YOKOHAMA CITY UNIVERSITY

YCU Lectin-glycomics study team succeeds to isolate a novel lectin for glycan-based biomedical research from the feather star Oxycomanthus japonicus.

Home > Research > YCU Lectin-glycomics study team succeeds to isolate a novel lectin for glycan-based biomedical research from the feather star Oxycomanthus japonicus.
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A novel lectin (a glycan-binding protein) expected to reveal specific glycoconjugates related to pathobiological studies has been discovered through the efforts of a lectin-glycomics research team (Fig. 1) organized by Prof. Yasuhiro Ozeki, Yokohama City University, Japan. This novel lectin was purified from a marine sea animal called a feather star Oxycomanthus japonicus. (Echinodermata, Permatozoa: Crinoidea) (Fig. 2). The Japanese Association for Marine Biology (JAMBIO) in MEXT Japan has promoted these results as one of its hot research topics as part of the 2010-11 research activities of JAMBIO. The study was published online in journal of Comparative Biochemistry and Physiology by Dr. Ryo Matsumoto, Dr. S. M. Abe Kawsar (JSPS Postdoc Research fellow and Assoc. Prof. Univ. of Chittagong, Bangladesh), Dr. Yuki Fujii (Postdoc Research fellow at Univ. of Minnesota) - who completed their Ph.D programs under the supervision of Prof. Ozeki - Dr. Tomoko F. Shibata (Postdoc Research fellow, Univ. of Miami and YCU), Prof. Hiderato Yasumitsu (YCU), technical support division of Misaki Marine Biological Station (MMBS, Prof. Koji Akasaka, Director, Graduate School of the Univ. of Tokyo), Mr. Hiroaki Nakajima and Mr. Noriaki Kojima (Yokohama Science Frontier High school, Mr. Haruo Sato, Principal) and Prof. Taei Matsui and Prof. Jiharu Hamako (Fujita Health Univ.).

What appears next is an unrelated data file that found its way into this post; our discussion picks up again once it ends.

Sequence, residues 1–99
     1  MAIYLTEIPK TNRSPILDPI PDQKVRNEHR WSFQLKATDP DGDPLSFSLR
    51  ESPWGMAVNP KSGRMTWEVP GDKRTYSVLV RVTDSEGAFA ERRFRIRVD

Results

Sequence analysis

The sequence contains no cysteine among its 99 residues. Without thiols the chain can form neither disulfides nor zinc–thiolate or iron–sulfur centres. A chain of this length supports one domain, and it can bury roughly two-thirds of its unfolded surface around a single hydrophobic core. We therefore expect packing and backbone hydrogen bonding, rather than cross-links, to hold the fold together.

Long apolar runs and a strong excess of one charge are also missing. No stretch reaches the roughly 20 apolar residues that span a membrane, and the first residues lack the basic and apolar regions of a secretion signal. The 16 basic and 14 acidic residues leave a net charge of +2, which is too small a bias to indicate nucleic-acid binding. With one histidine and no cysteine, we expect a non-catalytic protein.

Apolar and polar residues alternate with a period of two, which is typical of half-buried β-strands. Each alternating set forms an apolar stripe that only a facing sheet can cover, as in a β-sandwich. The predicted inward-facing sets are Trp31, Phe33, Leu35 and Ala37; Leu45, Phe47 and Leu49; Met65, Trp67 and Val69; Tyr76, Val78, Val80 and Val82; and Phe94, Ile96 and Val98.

Crinoidea is a fascinating animal for studies on body plan and regenerative biology, even though it is evolutionally more primitive than other echinoderms. Even so, the development of Crinoidea as an experimental animal model has required many years. This it is difficult to grow and reproduce these sensitive creatures in the laboratory. Dr. Tomoko F. Shibata succeeded to establish a complete cultivation system for the feather star (O. japonicus) at MMBS of the Univ. of Tokyo at 2007. This model animal is maintained with the funding from the National BioResource Project (NBRP) of MEXT Japan.

The glycan-recognition specificity of the novel lectin was unique because it was found to bind to branched type-2 N-acetyllactosamine (Galυ1-4GlcNAc) with Neu5Acτ2-3 linkage expressed as a developmental glycol-marker (Ii antigen). This is a target glycan for bird influenza virus. However it did not recognize strictly the type-1 (Galυ1-3GlcNAc) and Neu5Acτ2-6 (Fig. 3) by using a glycomics study system called frontal affinity chromatography technology and this confirmed the highly specific nature of this lectin (Fig. 4). This marine bioresource is expected to be applicable to the development of new glycan-mediated study in life sciences.
The study was supported through Grants-in-Aid from both JAMBIO in MEXT and JSPS, and by a Scientific and Strategic Research Grant from YCU.




 

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